documentation source files watch on other devices (youtube)


Published: 2017-09-15 by King Kévin

CuVoodoo #021 – on my mark


building a digital clapperboard:
Clapperboards are often used to synchronize audio and video recordings. I'm also using such a tool for the podcast, so I decided to make my own digital version of it. After all I only have to show the scene, take, video and audio recording numbers. This can easily be done using electronics instead of having to write everything down myself. For that I used a DS1307-based RTC module using the I²C protocol, seven TM1637-based 7-segment 4-digit displays using an I²C incompatible protocol, two MAX7219-based 7-segment 8-digit displays using a SPI compatible protocol, a piezoelectric element, and a custom power control circuit. We will also see how these communication protocol work.

documentation source files watch on other devices (youtube)


Published: 2017-06-06 by King Kévin

CuVoodoo #020 – spark abacus


energy monitoring for 3-phase 4-wire mains:
In episode #014 I presented the spark counter, my custom wireless electricity meter. This electricity meter will only work for 1-phase 2-wire power distribution systems though. Since I have a 3-phase 4-wire system it was time to do it right, with the spark abacus. We will explore the different ways to collect electricity consumption measurements: using the S0 impulse output from a 3-pahse 4-wire electricity meter (DDM100TC), using the UART interface of 3 cheap power meters (peacefair PZEM-004T, one per phase), and using the Modbus/RS-485 bus of 3 nice power analyzers (Eastron SDM120-Modbus, one per pahse). A micro-controller (STM32F103) will collect the measurement values and store then using a WiFi module (ESP-01, ESP8266) into a time series database (influxDB) on a single board computer (Orange Pi PC).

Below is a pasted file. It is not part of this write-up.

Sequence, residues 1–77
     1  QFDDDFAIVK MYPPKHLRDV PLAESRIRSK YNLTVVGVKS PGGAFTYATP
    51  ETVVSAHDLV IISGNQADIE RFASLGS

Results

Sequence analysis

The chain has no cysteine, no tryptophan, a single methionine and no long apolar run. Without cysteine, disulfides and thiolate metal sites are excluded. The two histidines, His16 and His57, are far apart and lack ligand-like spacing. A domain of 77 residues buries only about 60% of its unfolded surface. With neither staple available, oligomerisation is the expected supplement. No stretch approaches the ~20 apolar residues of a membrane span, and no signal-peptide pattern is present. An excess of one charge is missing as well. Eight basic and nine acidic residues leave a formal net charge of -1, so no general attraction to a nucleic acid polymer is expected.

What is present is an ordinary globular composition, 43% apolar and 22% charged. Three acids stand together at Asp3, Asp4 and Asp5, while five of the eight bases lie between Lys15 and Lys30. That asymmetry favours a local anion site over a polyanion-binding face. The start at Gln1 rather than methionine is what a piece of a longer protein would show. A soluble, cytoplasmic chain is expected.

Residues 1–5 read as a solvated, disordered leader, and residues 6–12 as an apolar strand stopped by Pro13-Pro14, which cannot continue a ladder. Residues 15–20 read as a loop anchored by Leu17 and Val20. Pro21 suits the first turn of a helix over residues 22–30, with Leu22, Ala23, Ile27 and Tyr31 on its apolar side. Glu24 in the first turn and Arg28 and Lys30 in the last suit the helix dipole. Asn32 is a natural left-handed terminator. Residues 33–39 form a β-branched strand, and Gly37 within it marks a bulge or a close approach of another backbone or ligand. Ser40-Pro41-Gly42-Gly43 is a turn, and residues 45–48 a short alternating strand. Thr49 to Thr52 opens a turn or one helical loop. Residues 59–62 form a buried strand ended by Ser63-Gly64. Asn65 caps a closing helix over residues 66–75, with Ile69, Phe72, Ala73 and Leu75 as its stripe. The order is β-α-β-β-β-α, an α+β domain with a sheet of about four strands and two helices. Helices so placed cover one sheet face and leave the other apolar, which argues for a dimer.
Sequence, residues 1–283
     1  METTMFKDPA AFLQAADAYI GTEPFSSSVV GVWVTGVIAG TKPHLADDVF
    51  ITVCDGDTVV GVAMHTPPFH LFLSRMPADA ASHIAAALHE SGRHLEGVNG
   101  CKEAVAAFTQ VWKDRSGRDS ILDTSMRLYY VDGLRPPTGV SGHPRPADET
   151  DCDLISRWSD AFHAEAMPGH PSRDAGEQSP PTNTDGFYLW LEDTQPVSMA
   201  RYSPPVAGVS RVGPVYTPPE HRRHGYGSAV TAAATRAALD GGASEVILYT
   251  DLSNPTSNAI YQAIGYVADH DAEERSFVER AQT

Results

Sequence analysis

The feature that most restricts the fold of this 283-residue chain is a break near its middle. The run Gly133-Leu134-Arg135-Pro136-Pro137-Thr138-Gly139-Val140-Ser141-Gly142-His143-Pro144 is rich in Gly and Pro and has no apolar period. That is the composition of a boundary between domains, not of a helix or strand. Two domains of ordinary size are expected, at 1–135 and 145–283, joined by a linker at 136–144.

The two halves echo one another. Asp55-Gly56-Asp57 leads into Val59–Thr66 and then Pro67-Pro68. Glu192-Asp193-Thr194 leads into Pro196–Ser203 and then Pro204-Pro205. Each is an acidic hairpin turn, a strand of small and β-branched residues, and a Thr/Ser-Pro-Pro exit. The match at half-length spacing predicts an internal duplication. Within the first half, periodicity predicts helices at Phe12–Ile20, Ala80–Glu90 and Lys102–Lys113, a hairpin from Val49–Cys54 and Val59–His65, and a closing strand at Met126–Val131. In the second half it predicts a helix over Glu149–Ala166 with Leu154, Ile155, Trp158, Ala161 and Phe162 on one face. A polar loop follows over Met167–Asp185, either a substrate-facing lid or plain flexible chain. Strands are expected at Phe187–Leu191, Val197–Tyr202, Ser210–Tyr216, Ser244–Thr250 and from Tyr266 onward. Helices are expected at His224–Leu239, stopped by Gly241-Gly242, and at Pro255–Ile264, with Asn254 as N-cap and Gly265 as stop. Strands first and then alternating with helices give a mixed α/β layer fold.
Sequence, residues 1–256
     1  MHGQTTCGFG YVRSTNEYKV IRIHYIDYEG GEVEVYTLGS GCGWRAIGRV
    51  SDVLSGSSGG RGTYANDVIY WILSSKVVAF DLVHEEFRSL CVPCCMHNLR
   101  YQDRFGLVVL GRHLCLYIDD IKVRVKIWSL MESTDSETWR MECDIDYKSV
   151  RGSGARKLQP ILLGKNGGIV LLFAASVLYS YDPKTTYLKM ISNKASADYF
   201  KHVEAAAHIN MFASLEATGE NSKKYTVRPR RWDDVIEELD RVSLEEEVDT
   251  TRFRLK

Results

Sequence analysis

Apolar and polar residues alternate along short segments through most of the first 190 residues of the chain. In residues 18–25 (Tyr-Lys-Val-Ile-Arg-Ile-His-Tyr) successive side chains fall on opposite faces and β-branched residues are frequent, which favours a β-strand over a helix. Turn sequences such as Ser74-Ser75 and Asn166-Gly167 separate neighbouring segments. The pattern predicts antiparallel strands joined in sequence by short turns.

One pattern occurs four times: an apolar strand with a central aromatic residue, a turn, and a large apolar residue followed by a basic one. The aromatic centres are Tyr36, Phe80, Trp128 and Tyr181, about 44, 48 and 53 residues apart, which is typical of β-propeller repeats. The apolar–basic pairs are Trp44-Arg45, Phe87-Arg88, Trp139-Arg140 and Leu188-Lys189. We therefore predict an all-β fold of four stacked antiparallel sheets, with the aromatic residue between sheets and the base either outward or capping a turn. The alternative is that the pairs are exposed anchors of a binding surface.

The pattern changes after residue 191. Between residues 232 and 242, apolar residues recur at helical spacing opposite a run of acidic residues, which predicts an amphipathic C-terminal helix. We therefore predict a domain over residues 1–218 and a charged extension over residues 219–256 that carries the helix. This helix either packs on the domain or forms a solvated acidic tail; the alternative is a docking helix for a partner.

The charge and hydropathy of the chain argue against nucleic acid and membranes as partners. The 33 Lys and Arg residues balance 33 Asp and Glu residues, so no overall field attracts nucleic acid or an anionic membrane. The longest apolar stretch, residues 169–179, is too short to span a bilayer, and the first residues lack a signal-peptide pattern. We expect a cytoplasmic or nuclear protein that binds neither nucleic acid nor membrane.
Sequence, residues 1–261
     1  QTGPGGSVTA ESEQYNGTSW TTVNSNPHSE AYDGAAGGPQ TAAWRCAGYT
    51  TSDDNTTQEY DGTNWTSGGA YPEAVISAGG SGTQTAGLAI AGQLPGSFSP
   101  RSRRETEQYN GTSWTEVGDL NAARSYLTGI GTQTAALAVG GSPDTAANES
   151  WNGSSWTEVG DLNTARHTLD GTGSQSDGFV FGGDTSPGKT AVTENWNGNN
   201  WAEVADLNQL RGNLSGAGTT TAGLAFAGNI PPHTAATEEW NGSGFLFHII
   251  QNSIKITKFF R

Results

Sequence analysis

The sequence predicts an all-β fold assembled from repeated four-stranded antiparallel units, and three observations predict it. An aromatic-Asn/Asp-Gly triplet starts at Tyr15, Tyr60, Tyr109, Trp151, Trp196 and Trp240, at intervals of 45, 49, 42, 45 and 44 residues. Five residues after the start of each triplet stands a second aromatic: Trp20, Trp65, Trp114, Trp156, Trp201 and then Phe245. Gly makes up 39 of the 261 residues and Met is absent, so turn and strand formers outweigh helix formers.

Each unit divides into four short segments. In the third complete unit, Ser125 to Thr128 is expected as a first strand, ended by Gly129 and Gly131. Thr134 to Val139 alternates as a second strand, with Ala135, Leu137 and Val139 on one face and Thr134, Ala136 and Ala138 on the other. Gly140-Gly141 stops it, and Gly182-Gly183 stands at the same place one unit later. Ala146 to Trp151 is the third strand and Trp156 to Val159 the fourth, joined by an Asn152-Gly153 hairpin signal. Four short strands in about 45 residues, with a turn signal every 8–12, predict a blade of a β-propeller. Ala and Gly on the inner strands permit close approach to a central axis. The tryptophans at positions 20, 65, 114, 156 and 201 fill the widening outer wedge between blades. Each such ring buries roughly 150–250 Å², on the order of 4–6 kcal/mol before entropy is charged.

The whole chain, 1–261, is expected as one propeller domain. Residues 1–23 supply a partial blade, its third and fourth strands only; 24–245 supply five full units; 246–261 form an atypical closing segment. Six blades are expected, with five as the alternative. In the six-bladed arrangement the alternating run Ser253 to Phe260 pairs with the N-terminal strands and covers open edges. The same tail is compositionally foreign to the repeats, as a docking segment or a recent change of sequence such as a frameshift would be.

documentation source files watch on other devices (youtube)


Published: 2017-02-01 by King Kévin

CuVoodoo #019 – time to spark!


real power vs. apparent power:
We all know voltage times current is power, real power, but don't forget the time component since the RMS values will only give you apparent power, and this is by a power factor different.

watch on other devices (youtube)